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A Deleuzian Theory of Eternity

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Title: A Deleuzian Theory of Eternity
Author: Ables, Brenton
Department: Department of Philosophy
Program: Philosophy
Advisor: Hacker-Wright, JohnLampert, Jay
Abstract: The goal of this dissertation is to construct and defend a theory of eternity using the work of Gilles Deleuze. I will define eternity as the delay between the instant and the moment. This is an original definition. Eternity, in this sense, is not the same thing as timelessness; it does not mean "all of time;" it has nothing to do with God; above all, it does not equate to the endless perpetuation of lived time—i.e., immortality. Instead, eternity pertains solely to the repetition of events. An eternal event is one that can be repeated indefinitely. This project could accurately be described as a single extended argument for the eternal repeatability of events. My general method is to examine Deleuze's writings on the past, present, and future for material relating to eternity. There are indications in Deleuze's work that all three dimensions of time can be identified with eternity in some way. My argument will be that a Deleuzian concept of eternity must be primarily identified with the future, and secondarily with the present and past. The delay between the instant and the moment is instigated by action taken in the present, and while this action initially refers to the past, it is always directed toward the future to come. An event is cut out of the past and pasted in the future from the standpoint of the present moment: instants are the past and future points at which we cut and paste the event. I will show that the delay between the instant and moment arises as the event becomes suspended in a relay between the past, present, and future, remaining forever unassignable to any specific time.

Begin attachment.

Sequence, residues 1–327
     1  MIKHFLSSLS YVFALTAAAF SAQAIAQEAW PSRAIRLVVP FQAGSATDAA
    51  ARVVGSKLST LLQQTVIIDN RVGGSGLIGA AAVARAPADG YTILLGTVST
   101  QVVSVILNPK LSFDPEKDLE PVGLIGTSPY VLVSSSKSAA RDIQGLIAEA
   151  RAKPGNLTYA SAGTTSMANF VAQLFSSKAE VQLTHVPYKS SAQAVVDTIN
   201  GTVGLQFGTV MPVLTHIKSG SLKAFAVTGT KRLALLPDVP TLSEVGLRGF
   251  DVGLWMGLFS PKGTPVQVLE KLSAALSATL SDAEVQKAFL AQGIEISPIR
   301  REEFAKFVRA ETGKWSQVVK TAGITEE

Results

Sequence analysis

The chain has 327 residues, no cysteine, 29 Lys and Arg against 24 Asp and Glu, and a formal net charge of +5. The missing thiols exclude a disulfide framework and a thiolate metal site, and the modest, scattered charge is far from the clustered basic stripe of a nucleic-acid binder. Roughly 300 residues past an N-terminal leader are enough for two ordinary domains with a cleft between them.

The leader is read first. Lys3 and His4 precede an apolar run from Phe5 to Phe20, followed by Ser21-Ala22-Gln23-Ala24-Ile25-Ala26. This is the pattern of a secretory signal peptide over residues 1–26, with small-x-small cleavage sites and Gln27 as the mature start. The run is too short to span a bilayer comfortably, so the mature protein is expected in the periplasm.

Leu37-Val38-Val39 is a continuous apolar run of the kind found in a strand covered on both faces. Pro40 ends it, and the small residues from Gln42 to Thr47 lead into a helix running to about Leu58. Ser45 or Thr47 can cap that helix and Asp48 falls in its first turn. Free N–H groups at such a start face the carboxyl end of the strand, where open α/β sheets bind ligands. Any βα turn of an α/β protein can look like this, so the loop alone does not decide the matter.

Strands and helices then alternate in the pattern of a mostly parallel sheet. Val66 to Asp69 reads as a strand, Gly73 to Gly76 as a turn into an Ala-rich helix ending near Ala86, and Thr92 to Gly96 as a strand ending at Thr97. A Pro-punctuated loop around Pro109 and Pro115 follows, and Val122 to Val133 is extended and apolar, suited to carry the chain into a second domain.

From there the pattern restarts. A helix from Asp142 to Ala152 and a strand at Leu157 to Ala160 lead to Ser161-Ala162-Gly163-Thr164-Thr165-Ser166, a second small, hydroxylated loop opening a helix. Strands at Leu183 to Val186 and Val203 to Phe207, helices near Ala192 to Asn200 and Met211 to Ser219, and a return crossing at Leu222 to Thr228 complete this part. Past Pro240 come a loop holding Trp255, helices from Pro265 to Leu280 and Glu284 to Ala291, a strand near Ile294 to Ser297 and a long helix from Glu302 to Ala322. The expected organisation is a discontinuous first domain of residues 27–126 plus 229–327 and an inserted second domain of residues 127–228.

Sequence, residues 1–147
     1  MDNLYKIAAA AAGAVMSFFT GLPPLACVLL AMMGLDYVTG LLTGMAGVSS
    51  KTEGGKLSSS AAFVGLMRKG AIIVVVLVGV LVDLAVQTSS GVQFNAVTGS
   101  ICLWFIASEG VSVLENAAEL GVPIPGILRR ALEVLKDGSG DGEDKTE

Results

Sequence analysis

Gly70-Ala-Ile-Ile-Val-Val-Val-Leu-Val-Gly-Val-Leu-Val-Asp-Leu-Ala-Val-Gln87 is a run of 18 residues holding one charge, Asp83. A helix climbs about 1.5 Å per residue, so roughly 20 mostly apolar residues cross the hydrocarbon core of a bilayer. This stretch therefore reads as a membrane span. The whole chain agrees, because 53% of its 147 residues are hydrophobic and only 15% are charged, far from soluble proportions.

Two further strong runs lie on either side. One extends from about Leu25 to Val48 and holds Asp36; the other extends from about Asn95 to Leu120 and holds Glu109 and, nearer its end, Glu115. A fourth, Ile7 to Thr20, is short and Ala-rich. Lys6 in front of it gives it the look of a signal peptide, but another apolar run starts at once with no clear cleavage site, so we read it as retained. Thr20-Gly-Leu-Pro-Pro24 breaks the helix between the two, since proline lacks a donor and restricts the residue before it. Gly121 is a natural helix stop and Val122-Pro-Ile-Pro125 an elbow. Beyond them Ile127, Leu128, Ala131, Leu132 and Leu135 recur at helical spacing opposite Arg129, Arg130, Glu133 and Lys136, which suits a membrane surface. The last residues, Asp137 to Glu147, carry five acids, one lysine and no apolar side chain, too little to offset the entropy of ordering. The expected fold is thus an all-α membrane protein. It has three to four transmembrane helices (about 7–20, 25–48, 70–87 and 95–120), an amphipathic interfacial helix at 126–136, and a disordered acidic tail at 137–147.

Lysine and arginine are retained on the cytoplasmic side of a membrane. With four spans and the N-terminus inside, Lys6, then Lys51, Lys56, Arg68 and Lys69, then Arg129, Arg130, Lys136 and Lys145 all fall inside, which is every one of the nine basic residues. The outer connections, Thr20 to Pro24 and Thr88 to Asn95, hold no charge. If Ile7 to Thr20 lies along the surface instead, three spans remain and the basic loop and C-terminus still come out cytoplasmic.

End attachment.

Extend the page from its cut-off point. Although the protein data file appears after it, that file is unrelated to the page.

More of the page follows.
Date: 2019-01
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